We are currently trialling our new-look independent.co.uk website - please send any feedback to beta@independent.co.uk

Middle East

Syria President Assad says ousted Baath party members made mistakes

All 16 members of the central committee which heads the governing party were removed

President Bashar al-Assad expanded on his recent reshuffle of the Baath leadership during an interview with the party mouth piece Al-Baath, published on Thursday.

All 16 members of the central committee which heads the governing party were removed, bar Assad himself, who stayed on as Secretary General. “When a leader does not solve a series of errors, this leader must be held accountable,” said the Syrian president.

Assad outlined his vision for the committee’s future role, saying it monitor the leadership’s work, evaluate it and hold leaders accountable.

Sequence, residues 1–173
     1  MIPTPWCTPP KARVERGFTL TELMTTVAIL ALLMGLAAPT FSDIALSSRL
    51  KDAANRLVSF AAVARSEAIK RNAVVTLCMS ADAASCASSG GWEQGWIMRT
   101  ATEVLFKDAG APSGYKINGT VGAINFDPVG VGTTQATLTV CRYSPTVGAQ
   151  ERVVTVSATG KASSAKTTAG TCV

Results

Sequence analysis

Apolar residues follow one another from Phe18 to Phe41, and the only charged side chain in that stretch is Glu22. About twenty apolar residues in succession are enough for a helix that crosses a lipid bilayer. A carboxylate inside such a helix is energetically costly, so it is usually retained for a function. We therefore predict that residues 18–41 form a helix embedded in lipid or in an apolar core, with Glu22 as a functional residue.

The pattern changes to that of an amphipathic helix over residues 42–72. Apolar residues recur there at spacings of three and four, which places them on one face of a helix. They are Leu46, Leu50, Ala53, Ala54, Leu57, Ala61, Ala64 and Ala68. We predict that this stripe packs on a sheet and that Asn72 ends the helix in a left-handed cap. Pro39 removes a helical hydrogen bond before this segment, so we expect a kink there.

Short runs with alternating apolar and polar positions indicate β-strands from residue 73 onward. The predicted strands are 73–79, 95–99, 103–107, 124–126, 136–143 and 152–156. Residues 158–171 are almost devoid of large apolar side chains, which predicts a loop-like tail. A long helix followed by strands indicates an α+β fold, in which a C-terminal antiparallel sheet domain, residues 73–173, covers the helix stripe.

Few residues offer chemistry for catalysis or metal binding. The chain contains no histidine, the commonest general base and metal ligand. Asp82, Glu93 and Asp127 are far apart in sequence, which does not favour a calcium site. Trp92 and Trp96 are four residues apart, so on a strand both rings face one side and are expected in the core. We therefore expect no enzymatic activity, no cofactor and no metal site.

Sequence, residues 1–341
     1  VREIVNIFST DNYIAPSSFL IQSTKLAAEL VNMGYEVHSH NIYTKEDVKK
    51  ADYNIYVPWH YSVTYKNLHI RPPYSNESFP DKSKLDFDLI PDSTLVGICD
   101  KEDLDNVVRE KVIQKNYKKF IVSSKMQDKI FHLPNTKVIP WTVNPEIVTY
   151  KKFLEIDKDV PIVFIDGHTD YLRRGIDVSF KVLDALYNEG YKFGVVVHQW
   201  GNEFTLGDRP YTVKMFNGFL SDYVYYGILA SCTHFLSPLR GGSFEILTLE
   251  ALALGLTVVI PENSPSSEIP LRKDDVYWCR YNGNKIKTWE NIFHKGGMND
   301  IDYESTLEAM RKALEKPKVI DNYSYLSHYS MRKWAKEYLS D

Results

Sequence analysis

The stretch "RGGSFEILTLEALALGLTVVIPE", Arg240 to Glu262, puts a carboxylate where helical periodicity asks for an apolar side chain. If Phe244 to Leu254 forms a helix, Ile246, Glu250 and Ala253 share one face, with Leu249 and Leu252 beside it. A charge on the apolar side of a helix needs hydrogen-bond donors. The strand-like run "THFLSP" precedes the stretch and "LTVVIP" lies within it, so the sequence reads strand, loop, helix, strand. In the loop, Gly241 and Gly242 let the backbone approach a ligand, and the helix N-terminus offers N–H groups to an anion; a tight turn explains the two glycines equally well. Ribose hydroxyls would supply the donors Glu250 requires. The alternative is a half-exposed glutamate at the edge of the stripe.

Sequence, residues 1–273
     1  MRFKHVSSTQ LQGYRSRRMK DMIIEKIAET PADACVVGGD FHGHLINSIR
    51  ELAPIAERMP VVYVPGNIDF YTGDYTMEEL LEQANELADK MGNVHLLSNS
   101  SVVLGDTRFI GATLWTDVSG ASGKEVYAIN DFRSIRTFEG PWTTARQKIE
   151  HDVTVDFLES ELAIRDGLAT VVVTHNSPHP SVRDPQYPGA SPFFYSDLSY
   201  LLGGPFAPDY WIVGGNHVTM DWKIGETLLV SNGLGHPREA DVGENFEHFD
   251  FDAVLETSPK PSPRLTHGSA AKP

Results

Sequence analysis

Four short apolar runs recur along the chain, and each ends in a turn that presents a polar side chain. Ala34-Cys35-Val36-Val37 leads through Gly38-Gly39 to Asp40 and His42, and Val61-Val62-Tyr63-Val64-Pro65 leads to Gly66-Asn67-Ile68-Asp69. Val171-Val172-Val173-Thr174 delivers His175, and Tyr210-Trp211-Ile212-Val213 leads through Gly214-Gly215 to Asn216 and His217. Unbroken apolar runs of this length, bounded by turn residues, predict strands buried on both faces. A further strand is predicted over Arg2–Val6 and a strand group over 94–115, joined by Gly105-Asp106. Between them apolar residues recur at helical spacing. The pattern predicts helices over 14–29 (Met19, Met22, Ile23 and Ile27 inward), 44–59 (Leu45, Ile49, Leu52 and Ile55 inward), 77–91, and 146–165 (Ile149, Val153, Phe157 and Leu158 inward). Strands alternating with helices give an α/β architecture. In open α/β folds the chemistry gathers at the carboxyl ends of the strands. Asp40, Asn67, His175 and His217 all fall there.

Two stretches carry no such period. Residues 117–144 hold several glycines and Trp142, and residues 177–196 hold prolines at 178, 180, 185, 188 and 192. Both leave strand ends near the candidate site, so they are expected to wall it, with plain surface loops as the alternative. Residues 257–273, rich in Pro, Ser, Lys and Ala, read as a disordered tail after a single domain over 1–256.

“This is the real role of the central committee, which his supposed to hold accountable the leaders on a regular basis. This did not happen in recent years,” the president admitted.

The latest such a reshuffle was in 2005, when Assad removed many of the old guard who grew powerful under his father Hafez al-Assad. The 16 new leaders are said to be loyal to Assad’s hardline brother Maher, who heads the military’s 4th brigade.

Vice President Farouk al-Sharra, a lone voice advocating political compromise  to end the civil war that has killed over 90,000 so far, will stay on in that position, but was removed from the party’s leadership.

Parliament speaker Jihad al-Laham and Prime Minister Walel al-jalqi moved up to leadership positions within the party. 

During the interview, Assad also gloated over the fall of the Muslim Brotherhood in Egypt. He stated the party “takes advantage of religion and uses it as a mask… and it thinks that if you don’t agree with it politically, that means you don’t stand by God.” A large contingent of the Syrian opposition is drawn from the Syrian Muslim Brotherhood.

Meanwhile, Assad praised his allies Hezbollah and Iran. Hezbollah “does not judge people based on religion or sect, but rather on patriotism and politics,” said Assad.